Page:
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Photo of the Week. Memory of summer.

Astronomy news for the week starting Friday, October 28, 2011.

The Moon starts off our week just barely into its waxing crescent phase, our first look the evening Friday the 28th within the glow of twilight. Thickening as it moves to the east against the starry background, it does not reach first quarter until Wednesday, November 2 about the time of Moonrise in North America, after which it enters the waxing gibbous phase. The evening of Friday, October 28th, the crescent will shine well to the right of Antares of Scorpius. Then look down and to the right of the Moon, and if the sky and horizon cooperate, you might glimpse Venus, though it will be a difficult sight as the planet sets half an hour before twilight's end.

Whatever other celestial sights there may be, the week belongs to Jupiter, which on the night of Friday the 28th stands in opposition to the Sun, when it rises at sundown, crosses the meridian to the south at local midnight (roughly 1 AM Daylight Time), then sets at sunup. Deep in southwestern Aries, just northeast of the point where Aries, Cetus, and Pisces all meet, Jupiter is now in the middle of its slow retrograde (westerly against the stars) crawl. Then less than an hour after Jupiter transits south, up comes Mars in a fine location in western Leo just a few degrees to the northwest of notably fainter Regulus, the blue-white star contrasting nicely with the Martian red (actually more orange). As the month of October gives way to November, Saturn passes due south of Spica, the planet now rising just as dawn begins to light the sky.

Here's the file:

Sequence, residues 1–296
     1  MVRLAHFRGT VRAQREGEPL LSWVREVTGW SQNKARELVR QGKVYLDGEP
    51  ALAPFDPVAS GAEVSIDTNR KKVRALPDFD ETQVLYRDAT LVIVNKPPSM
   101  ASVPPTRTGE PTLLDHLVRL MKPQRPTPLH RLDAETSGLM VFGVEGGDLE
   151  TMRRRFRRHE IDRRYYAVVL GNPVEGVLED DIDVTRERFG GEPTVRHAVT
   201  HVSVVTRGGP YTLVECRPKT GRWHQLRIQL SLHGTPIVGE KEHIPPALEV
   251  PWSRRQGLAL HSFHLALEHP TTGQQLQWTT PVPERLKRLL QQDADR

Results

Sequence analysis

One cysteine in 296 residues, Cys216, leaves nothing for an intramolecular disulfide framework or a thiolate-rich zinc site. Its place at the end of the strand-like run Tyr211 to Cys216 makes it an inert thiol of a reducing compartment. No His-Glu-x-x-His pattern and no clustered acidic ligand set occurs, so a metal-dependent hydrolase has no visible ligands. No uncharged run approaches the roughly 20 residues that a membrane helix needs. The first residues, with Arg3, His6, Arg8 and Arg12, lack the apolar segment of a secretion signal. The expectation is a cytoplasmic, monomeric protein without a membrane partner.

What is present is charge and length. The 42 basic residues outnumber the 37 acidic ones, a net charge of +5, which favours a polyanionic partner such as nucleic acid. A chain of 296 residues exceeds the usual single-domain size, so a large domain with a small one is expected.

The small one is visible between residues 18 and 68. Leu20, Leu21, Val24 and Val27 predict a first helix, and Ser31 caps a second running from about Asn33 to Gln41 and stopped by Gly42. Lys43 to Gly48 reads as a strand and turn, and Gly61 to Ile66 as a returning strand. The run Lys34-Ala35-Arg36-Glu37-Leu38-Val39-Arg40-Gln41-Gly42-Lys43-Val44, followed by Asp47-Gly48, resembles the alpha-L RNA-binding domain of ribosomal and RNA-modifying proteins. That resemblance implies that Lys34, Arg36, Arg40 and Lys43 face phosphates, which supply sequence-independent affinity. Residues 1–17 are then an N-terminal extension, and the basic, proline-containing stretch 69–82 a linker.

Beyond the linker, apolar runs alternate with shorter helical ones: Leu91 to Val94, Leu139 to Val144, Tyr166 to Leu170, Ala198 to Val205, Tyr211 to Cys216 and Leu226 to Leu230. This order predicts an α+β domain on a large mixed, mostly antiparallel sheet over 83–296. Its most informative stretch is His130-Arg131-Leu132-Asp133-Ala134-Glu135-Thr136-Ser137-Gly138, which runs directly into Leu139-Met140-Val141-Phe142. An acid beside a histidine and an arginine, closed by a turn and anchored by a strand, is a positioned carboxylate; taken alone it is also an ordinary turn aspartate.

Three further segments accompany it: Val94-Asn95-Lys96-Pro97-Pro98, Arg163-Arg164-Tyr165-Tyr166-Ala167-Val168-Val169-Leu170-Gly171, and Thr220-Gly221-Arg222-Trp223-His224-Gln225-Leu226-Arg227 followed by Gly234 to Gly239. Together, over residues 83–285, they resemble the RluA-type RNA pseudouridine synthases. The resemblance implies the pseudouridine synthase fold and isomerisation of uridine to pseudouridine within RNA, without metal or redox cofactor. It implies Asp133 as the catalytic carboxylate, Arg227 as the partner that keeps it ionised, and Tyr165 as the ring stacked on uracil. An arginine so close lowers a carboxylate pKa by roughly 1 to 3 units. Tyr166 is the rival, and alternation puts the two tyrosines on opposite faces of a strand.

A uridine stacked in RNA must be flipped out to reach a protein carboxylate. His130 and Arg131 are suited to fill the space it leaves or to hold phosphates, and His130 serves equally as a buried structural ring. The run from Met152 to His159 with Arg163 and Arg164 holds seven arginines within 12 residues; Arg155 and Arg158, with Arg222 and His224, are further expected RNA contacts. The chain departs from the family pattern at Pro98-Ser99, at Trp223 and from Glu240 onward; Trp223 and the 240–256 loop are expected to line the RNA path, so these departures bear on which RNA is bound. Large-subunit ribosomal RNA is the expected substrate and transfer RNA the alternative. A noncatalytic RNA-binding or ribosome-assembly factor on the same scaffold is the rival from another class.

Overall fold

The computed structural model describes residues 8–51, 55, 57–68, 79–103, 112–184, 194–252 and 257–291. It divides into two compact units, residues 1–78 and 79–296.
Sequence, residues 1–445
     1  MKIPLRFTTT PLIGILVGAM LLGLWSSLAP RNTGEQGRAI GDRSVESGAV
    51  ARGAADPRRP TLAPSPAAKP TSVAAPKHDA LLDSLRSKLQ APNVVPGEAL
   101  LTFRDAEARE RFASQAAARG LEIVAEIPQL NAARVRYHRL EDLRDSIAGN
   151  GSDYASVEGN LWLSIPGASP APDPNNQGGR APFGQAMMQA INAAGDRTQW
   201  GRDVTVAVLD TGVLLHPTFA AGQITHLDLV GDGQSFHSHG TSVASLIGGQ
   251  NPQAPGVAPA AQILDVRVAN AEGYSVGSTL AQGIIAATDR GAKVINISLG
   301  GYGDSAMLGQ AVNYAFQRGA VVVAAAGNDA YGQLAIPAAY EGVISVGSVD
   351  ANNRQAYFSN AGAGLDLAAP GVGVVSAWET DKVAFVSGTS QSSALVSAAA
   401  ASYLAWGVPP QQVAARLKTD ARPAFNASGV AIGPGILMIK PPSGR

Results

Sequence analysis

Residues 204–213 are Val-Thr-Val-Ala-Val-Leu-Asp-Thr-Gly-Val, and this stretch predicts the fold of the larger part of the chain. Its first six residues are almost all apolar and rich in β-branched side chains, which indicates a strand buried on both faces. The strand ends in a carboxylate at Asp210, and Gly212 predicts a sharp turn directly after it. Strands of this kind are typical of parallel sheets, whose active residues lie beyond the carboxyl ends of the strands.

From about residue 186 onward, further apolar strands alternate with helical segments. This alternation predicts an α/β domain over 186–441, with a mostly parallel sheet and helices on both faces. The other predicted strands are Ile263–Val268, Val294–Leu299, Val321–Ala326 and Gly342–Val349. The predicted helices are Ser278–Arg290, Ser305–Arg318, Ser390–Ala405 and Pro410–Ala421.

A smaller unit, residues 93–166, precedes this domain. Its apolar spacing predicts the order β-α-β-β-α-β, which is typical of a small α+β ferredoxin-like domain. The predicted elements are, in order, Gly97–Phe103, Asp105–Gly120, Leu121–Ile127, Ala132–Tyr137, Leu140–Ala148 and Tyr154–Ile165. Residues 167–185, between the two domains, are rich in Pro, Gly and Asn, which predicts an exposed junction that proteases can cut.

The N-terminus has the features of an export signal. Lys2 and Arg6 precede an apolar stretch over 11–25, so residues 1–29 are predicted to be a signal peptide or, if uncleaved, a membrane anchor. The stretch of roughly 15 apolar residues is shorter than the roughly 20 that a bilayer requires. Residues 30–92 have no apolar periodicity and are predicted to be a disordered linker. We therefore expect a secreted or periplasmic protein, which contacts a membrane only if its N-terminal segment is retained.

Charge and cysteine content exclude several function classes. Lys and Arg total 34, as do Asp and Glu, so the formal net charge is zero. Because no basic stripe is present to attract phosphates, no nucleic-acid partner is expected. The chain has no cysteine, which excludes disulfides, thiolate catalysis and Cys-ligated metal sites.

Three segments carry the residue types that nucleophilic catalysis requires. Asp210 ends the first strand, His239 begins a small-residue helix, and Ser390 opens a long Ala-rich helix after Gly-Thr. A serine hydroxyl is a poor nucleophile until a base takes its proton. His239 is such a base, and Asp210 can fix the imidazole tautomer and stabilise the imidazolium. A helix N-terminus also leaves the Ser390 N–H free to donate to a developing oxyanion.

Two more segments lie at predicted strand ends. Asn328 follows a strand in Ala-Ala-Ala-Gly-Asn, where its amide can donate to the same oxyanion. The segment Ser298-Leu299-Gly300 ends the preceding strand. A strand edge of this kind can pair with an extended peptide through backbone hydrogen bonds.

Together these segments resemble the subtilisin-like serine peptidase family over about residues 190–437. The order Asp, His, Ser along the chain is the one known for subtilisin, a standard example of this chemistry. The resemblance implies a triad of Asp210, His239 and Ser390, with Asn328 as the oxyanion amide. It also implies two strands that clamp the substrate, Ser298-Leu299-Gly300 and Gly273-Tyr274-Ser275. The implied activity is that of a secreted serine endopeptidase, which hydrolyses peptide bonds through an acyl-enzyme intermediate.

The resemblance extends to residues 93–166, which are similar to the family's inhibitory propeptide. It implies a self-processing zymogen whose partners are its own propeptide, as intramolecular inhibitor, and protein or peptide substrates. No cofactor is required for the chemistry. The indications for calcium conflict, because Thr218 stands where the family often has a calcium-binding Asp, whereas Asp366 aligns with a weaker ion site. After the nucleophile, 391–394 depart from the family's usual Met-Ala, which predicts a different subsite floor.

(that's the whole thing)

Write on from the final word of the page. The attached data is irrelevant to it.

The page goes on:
Look for November's Star, first magnitude Fomalhaut of Piscis Austrinus (the Southern Fish) as it crosses the meridian far to the south around 9 PM Daylight Time, the planet- holding star a true mark of middle-autumn. Above it lie the stellar curves of Aquarius topped by the Water Bearer's Y-shaped Water Jar. To the immediate east-northeast of the "jug" find the Circlet of Pisces, which falls right below the Great Square of Pegasus. If you are far enough south, look to the southwest of Fomalhaut to admire the modern constellation of Grus, the Crane, as it stalks along the southern horizon. Wait a couple hours then and see the "W" of Cassiopeia circling nearly overhead, at least for those at mid-northern latitudes.
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